The making of new Indian Parliament Building
Realizing People’s Aspirations
The power of the Indian democratic system manifests in our Parliament, which weathered the Indian freedom struggle from colonial rule and witnessed many historical milestones. The existing building served as independent India’s first Parliament and witnessed the adoption of the Constitution of India. Thus, conserving and rejuvenating the rich heritage of the Parliament building is a matter of national importance.
An icon of India’s democratic spirit, the Parliament building sits at the heart of the Central Vista. India’s present Parliament House is a colonial-era building designed by British architects Sir Edwin Lutyens and Herbert Baker, which took six years to construct (1921-1927). Originally called the Council House, the building housed the Imperial Legislative Council. The Parliament building witnessed the addition of two floors in 1956 to address the demand for more space. In 2006, the Parliament Museum was added to showcase the 2,500 years of rich democratic heritage of India. The building had to be modified to a large extent to suit the purpose of a modern Parliament.
“India is the mother of democracy. It is also the foundation of global democracy. Democracy is our ‘Sanskaar’, idea & tradition,” Prime Minister of India Narendra Modi has said in his first address from India’s new Parliament building on May 28, 2023 in a ceremony which began with an early morning havan and multi-faith prayer ceremony.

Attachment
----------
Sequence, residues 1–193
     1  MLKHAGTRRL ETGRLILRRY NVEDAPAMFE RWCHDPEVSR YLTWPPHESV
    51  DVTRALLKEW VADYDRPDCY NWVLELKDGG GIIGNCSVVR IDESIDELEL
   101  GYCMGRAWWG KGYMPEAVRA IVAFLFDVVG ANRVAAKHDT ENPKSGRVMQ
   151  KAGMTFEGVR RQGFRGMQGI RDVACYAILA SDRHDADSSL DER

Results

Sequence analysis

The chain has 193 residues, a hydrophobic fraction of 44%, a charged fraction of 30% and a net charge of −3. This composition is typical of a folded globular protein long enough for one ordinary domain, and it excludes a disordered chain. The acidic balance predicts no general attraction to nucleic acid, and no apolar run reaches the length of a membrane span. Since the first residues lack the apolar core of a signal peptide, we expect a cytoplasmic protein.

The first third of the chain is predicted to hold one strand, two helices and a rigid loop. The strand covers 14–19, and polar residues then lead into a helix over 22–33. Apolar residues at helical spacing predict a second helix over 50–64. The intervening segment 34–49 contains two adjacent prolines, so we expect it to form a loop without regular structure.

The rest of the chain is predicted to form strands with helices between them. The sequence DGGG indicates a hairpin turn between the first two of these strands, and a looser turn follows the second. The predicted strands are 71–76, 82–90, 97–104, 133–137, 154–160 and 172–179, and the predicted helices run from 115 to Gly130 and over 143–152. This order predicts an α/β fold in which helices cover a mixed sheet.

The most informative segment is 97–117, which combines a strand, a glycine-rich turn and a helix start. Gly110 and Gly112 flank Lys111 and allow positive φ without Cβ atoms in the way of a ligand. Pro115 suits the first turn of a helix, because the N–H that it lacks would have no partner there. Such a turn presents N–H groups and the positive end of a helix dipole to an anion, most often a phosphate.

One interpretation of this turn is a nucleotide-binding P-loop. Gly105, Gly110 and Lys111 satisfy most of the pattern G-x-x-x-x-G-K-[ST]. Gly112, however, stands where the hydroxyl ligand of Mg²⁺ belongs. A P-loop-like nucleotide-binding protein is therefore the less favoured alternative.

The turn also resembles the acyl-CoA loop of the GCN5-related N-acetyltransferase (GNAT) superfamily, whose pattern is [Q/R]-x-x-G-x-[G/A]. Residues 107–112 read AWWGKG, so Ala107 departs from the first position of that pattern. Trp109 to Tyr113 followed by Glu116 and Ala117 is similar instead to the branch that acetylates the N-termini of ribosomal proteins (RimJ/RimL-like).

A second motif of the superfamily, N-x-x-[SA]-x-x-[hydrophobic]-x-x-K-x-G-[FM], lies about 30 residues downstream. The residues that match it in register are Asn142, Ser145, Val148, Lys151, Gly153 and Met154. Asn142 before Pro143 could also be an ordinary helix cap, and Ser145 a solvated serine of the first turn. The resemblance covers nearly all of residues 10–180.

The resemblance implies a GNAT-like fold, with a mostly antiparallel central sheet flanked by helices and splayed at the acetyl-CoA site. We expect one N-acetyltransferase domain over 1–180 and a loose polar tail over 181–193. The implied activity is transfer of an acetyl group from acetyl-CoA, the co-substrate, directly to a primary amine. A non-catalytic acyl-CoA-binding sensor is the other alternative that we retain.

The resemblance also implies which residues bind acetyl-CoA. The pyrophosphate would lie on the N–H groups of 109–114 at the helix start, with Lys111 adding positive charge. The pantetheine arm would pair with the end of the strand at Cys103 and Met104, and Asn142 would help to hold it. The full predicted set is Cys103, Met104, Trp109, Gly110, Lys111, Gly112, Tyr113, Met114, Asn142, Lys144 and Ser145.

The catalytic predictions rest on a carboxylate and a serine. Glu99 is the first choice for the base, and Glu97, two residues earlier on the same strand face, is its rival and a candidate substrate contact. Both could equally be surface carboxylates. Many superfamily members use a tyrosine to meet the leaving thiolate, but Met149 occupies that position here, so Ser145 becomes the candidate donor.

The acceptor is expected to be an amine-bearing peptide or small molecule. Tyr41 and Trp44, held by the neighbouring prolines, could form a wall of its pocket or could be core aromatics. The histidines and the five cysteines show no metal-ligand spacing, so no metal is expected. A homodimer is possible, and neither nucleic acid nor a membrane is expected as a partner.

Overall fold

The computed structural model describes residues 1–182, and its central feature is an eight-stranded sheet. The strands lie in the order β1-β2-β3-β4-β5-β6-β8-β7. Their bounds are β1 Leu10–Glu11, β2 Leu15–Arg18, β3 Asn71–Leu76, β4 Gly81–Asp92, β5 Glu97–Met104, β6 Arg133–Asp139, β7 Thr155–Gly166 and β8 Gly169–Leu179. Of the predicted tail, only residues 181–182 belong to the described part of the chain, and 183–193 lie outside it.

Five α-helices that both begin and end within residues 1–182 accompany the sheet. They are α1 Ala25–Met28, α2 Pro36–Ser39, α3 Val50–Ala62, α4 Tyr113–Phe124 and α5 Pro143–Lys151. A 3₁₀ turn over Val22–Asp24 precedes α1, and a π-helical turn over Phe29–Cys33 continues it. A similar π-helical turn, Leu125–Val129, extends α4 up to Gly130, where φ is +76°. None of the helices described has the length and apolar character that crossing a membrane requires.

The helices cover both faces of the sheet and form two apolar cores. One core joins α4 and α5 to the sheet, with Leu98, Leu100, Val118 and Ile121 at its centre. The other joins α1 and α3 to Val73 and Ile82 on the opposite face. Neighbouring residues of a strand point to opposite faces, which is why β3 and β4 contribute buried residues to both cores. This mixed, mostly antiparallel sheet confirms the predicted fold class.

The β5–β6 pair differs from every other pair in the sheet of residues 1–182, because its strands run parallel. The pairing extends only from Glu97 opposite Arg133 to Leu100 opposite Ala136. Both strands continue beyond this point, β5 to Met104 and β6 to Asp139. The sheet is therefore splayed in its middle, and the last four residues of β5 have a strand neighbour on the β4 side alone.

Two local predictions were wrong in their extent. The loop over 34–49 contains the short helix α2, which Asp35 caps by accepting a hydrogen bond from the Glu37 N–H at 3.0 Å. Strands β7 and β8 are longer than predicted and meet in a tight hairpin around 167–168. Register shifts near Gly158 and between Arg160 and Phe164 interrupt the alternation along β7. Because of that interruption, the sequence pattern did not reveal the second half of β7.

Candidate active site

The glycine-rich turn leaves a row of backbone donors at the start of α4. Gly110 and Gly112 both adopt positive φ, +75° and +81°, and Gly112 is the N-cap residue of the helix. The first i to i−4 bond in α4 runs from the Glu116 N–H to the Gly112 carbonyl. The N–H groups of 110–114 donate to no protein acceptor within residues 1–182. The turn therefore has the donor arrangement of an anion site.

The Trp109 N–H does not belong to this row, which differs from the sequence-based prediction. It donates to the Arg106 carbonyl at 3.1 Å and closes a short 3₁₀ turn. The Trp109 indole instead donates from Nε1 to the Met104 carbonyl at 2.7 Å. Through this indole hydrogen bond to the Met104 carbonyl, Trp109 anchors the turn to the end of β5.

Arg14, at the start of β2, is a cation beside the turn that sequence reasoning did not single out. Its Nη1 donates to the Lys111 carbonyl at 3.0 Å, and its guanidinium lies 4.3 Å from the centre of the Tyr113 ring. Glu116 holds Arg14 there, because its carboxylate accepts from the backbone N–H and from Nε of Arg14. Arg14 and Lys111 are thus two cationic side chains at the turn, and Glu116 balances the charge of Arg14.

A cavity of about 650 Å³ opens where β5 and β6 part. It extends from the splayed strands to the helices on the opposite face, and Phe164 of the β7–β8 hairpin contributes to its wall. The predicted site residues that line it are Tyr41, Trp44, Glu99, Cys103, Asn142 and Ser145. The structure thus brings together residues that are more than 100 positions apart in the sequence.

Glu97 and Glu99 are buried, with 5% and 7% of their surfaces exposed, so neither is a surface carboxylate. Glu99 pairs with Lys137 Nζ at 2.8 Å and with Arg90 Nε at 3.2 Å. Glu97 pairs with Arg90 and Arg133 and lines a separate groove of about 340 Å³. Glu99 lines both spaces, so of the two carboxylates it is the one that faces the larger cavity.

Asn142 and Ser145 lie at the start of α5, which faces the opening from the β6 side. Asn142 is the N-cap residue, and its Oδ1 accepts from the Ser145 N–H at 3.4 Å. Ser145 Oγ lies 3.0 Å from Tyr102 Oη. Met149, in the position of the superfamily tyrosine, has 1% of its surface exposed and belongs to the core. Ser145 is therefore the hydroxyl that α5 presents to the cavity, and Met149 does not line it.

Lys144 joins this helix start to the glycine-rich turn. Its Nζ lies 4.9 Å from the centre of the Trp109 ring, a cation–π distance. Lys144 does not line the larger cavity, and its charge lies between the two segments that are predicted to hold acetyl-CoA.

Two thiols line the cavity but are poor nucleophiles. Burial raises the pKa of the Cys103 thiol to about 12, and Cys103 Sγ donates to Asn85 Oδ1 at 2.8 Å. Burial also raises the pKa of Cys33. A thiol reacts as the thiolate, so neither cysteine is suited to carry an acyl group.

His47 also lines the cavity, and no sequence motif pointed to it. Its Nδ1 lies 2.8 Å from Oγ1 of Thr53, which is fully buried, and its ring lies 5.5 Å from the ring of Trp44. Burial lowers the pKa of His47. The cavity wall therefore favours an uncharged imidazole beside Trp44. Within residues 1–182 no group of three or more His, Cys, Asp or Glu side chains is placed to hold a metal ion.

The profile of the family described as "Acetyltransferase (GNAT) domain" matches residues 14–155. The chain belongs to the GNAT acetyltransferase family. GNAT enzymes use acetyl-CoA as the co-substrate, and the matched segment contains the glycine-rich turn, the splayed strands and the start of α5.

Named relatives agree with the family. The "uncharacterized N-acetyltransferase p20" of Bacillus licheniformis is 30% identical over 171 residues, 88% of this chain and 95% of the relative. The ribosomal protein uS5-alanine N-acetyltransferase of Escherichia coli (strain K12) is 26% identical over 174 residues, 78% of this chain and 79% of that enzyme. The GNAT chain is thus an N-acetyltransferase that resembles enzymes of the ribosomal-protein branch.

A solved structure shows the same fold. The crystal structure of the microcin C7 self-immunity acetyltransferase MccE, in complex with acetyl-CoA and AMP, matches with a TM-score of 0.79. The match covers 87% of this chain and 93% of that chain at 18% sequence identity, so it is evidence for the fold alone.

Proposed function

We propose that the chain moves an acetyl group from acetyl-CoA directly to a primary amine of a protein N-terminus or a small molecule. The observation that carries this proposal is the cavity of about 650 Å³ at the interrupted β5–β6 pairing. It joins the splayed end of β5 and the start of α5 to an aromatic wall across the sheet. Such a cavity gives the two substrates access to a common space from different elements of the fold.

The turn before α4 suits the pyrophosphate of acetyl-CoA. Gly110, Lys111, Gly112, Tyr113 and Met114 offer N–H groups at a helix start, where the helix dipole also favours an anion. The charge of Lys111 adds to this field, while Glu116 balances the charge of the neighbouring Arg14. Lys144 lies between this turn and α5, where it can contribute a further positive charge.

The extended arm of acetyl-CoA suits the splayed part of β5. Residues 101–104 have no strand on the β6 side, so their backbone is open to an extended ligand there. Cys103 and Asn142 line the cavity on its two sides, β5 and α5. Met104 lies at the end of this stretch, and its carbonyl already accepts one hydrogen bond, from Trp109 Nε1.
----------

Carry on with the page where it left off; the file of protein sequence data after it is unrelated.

Earlier, PM Modi installed the sacred ‘Sengol’ in the Lok Sabha chamber, right next to the Speaker’s chair, after performing puja. He was handed over the historic ‘Sengol’ by Adheenams before it was installed by the prime minister in the new Parliament building.
After initial deliberations about the shape of the building, a circular shape was finalised by both the architects, Herbert Baker and Sir Edwin Lutyens as that would give the feel of a colosseum design for the Council House. It is popularly believed that the unique circular shape of the Chausath Yogini temple in Morena, (Madhya Pradesh) had inspired the design of the Council House, though there are no historical proofs for this.
The Parliament House building construction was started in 1921 and commissioned in 1927. It is almost 100 years old and a Heritage Grade-I building. Over the years, the parliamentary activities and the number of people working therein and visitors have increased manifold. There is no record or document of the original design of the building. Therefore, the new constructions and modifications have been done in an ad-hoc manner. For example, two new storeys constructed in 1956 over the outer circular part of the building hid the dome of the Central Hall and changed the facade of the original building. Further, the coverings of Jaali windows have reduced the natural light in the halls of two houses of the Parliament. Therefore, it is showing signs of distress and over-utilization and is not able to meet the current requirements in terms of space, amenities and technology.
The present building was never designed to accommodate a bicameral legislature for a full-fledged democracy. The number of Lok Sabha seats has remained unaltered at 545 based on the delimitation carried out on the basis of 1971 Census. It is likely to increase substantially after 2026 as the freeze on total number of seats is only till 2026. The seating arrangements are cramped and cumbersome, with no desks beyond the second row. The Central Hall has seating capacity only for 440 persons. When the Joint Sessions are held, the problem of limited seats amplifies. Due to limited space for movement, it is also a huge security risk.
Over the period addition in services like water supply lines, sewer lines, air conditioning, fire-fighting, CCTV, Audio Video system, which were not originally planned, have led to seepages and destroyed the overall aesthetics of the building. The fire safety is a major concern as the building is not designed according to the present fire norms. Numerous new electric cables have been put up which are potential fire hazard.